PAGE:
The warm summer nights are a distant memory as the lone angler adorns layers of fleece and neoprene, preparing for the chilly damp night ahead. The cold sand on his bare feet remind him that the end is near and a sense of urgency quickens his pace to gear up as time and tide wait for no man. Sleep is not an option as the last sliver of the waning moon rises in the eastern sky. After a long hike, he breathes a sigh of relief as he rounds the last bend in the beach and finds it completely empty; his favorite rock, as if formed by the hands of God himself so he can fish from it, awaits his presence.
A cold chill is sent up his spine as the legs of his wetsuit fill with cold October surf water. Slowly he makes his way across the boulder field where he climbs up on his rock, unhooks the home made bucktail from the reel handle and leans into the first cast of the night. It takes a while for him to calm down, a combination of adrenaline, anticipation and excitement keeps him jittery for a half hour. Eventually the lull of cast, retrieve, repeat starts to take effect and every move becomes automatic. His minds starts to drift, watching the lights on the southern horizon of the commercial fisherman when his trance is broken by a sharp rap on the rod. His jig stops dead and instinctively he rears back and sets the hook into a cow bass.
The eleven foot rod buckles and the drag on the big surf reel wails in resistance as the big striper rushes toward the safety of deeper water. Eventually she stops and the angler slowly pumps the rod, gaining line inches at a time. After a few minutes in what feels like an eternity, the big forty pound class striper lays on her side at his feet as he reaches down and grabs her lower jaw. The hook easily fall out as their eyes lock; a moment of empathy ensues as the angler does not think twice about releasing her. Her dorsal fin perks up after a few moments and with one quick push of her broom-size tail she is gliding back into the dark inky surf.
Without a doubt, October is the month striped bass anglers eagerly await for. In years past, October would see massive blitzes of bass, blues and albies off the famed Montauk lighthouse. But alas, this has changed. Now, anglers stand along the beach with their rods racked in their trucks’ cooler racks. The mosquito fleet, so affectionately nicknamed by the locals, drifts patiently in the rips waiting for chaos, but it does not happen. Will this year be any different? All the signs are pointing toward the positive. Massive amounts of bait are in the surf and along the beach. Combine this with the huge biomass of school bass and gorilla bluefish and the stage is set for an explosion. Some anglers speculate the patterns changed after superstorm Sandy and while this is true, for the past few years many anglers reported massive schools of bait marching along the coast going unmolested for weeks on end. Last year, after Halloween, the whole south shore lit up in daily blitzes of small bass and huge bluefish chasing peanut bunker. Many anglers fished the month of October for naught and elected to winterize their boats and hang up their waders. November saw very few anglers fishing as the action was world class. Hopefully they won’t make the same mistake this year.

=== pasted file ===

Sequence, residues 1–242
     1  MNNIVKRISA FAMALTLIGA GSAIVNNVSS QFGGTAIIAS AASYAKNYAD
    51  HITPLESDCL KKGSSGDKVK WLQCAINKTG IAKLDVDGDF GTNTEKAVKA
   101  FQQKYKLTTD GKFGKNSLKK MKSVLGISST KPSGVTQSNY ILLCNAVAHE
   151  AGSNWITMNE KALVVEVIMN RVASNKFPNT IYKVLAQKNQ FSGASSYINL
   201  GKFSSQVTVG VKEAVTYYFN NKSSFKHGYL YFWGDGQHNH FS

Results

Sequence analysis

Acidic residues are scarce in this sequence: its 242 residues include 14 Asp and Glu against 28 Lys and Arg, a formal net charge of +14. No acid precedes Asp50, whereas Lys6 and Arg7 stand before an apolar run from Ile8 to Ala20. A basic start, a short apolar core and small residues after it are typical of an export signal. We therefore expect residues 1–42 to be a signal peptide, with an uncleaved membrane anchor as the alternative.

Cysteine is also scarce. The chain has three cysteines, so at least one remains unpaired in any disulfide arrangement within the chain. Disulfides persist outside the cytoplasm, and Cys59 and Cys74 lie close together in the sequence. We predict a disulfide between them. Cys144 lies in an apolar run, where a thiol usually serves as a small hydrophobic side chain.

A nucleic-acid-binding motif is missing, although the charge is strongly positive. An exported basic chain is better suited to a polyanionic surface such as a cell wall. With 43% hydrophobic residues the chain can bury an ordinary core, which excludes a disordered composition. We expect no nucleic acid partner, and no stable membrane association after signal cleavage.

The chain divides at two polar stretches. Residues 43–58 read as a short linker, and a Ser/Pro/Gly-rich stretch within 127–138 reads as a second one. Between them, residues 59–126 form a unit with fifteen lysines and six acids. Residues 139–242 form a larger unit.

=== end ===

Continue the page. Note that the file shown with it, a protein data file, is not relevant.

The offshore scene similarly sees a down turn in angler effort, however the fishing for tuna and big makos can be outstanding. Just as the pelagics migrate north through our waters in the spring and summer, anglers tend to forget that they come back the way they came in the fall. The October full and new moons trigger a migration of big mako sharks which ride the 25-35 fathom lines fattening up on bluefish, false albacore and even bluefin tuna. Many of the biggest makos of the year are taken in October. Some of the best days we have ever had tuna fishing were either chunking the inshore grounds for 50 to 100 pound bluefins or drifting the canyons hand feeding big yellowfin tuna in the cool long nights. Don’t wait for reports on the internet or in magazines, the anglers which take advantage of this fishery tend to be tight lipped. If there’s a weather window, just go. Be the one making the reports, not reading about it while sitting on the couch.
October is the month which all striper anglers are out in force. Predominant northwest winds usher in cooler air from the Canadian maritimes. Sensing the cooler air, shorter days and dropping water temperatures, small slender baitfish stack up at the mouths of back bay creeks. The first nor’easter of October causes a mass exodus of finger mullet, peanut bunker, spearing, sand eels and anchovies. As the surf kicks up into a fury of whitewater and foam, large bluefish, striped bass, fluke and weakfish await with appetites. Birds dive from above, darting to and fro on the glistening balls of bait as tails and teeth chase them to the surface. The blitz is on and word spreads like wild fire. Savvy anglers with their boats still in the water drift amongst the mayhem. Diamond jigs and poppers are heaved into the melee as grown men grunt and giggle like little kids. Memories are made in October, especially toward the end of the month where the frenzied pace tries to beat the inevitable tide of soon to be winter time.